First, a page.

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The top 20 universities globally for getting a job in finance

Best universities if you want to work in banking

Best universities if you want to work in banking

The QS World University rankings are out. In the British press, there’s excitement over the fact that four of the all-round top six universities are based in the UK. However, if you want to work in banking and finance it won’t necessarily help if you go to a university that excels at modern history or English literature: you really need to study at a university a reputation for excellence in economics. In particular, you want to go to a university where employers really rate the economics course.

Fortunately QS splits out its rankings both by subject area and by employer reputation. Below we have listed the top twenty university courses globally for economics and econometrics, ranked according to employer reputation. There are some surprises. With the exception of Harvard, the U.S. Ivy League is not so hot. And where is the Stockholm School of Economics?

1. University of Cambridge. Employer reputation: 100

2. University of Oxford. Employer reputation: 99.9

3. Harvard University. Employer reputation: 97.5

4. London School of Economics: 96.4

5. National University of Singapore: 94.1

6. London Business School 92.5

7. MIT 91.3

8. Stanford University 90.1

9. The University of New South Wales 89.6

10. The University of Tokyo 89.0

11. The University of Sydney 87.5

12. The University of Hong Kong 86.4

13. Peking University 86.2

14. Bocconi 86.1

15. Monash University 84.8

16. Yale University 83.5

17. Seoul National University 82.6

18. Tsinghua University 82.4

=18. Columbia University 82.4

19. The University of Queensland 82.2

20. The University of Berkeley California 81

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Comments (11)

Comments
  1. Where is Wharton?

  2. When I see schools like Wharton and Chicago missing, it makes these surverys less credible.

  3. This article is plain wrong. Getting a degree in economics is not key to a career in banking. What employers do look for in a candidate is that they have a good degree (proper academic subject) from a reputable university. Degrees in certain subjects are favoured in certain disciplines. Eg Derivatives depts tend to employee people with degrees in maths, engineering and science, including to PhD level. I should know. I have a degree in Elec Eng from one of the top 5 Universities on the global ranking and am an MD level at a large Swiss IB.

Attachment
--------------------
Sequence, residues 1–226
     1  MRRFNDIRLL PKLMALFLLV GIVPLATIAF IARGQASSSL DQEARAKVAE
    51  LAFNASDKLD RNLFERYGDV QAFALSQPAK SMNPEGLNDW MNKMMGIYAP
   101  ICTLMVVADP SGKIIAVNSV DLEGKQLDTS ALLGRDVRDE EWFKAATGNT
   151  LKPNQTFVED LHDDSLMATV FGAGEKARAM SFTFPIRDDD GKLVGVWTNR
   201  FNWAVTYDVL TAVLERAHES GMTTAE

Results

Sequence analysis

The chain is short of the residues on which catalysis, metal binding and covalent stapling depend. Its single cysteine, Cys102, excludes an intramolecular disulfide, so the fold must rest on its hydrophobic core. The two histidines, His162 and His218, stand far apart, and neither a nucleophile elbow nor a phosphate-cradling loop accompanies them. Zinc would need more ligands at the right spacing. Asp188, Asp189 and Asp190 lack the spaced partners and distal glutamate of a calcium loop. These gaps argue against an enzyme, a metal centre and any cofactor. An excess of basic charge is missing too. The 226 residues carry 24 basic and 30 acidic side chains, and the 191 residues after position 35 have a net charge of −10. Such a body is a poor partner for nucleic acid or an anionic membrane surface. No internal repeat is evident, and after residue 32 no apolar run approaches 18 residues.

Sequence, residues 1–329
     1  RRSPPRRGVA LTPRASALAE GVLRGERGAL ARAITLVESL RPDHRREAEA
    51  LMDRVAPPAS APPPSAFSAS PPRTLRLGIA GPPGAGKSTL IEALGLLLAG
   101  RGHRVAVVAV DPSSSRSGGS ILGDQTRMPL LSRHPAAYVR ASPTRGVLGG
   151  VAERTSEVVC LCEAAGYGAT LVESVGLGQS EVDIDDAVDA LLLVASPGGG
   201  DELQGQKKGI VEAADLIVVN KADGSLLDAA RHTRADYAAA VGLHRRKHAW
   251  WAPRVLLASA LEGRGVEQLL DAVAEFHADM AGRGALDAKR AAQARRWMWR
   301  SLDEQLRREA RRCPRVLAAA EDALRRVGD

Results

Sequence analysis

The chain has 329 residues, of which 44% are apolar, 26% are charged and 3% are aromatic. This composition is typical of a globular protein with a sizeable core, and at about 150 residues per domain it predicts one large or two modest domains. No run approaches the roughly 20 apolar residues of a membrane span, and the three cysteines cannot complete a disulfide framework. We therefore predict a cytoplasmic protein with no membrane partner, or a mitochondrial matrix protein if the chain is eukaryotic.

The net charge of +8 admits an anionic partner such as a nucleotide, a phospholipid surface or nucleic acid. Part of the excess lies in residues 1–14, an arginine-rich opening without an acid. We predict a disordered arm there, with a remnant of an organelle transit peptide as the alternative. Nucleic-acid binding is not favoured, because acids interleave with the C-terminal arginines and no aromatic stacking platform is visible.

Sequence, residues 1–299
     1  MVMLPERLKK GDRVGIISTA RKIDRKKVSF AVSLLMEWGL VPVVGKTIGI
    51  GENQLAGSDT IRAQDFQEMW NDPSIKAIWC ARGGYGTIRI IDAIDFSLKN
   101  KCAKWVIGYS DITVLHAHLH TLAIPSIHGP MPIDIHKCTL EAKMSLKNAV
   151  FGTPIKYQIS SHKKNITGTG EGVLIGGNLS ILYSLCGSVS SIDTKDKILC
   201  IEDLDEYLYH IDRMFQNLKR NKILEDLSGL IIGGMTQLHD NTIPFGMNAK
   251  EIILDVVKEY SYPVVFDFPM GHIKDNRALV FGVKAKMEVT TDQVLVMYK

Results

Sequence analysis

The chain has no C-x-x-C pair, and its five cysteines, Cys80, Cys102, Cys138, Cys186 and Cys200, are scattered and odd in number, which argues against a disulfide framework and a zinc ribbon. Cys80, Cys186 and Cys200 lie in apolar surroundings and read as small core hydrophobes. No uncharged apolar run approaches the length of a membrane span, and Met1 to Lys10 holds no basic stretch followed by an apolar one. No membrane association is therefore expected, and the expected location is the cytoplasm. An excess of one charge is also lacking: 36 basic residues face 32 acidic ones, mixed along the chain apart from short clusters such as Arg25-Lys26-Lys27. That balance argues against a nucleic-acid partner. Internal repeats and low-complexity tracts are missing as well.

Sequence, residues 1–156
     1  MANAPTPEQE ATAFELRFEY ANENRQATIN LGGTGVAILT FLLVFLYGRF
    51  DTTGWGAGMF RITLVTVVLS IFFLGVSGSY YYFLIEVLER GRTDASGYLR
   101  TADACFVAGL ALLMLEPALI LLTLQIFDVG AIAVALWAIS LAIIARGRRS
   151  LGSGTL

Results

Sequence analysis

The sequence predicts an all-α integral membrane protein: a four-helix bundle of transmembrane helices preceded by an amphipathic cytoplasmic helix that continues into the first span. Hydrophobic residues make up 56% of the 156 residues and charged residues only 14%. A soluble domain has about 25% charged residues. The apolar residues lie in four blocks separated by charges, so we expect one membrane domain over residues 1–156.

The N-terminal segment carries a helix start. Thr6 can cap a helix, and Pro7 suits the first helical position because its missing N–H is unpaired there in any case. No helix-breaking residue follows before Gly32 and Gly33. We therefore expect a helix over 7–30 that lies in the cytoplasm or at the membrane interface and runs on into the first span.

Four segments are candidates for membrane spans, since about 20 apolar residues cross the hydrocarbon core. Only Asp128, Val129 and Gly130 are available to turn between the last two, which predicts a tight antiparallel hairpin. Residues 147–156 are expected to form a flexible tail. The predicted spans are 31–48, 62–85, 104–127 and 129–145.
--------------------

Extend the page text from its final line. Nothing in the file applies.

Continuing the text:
4. Totally agree with Rick. How could employers rate Tsingua University higher than Columbia (no offence).. I was a little disappointed with doubtful results.

  5. A interesting order, depends on rating?or something else?

  6. Agree with the comments here. No offence to UQ, HKUST and Monash, but I am curious to know which employer would rank them above Columbia and Yale, not to mention Chicago and Wharton etc that got no mention at all.

  7. Are we talking about undergrad or postgrad here? This could make quite a big difference..

  8. Hong Kong University of Science and Technology? You must be kidding me.

  9. Who said western uni. is necessarily better than asian uni. ?
    Asia is taking over the west..no offence

    AsiaIsTakingOver Reply
     
  10. Economics to get a job into banking? Sounds relevant for sure but you ll gain more skills with a finance degree and there are for certain really good finance courses out there both undergrad postgrad.

  11. Such ranking depends on which employers were being asked. I think such ranking may make some sense if you look at the result by region. However, putting all results together make it doubtful.

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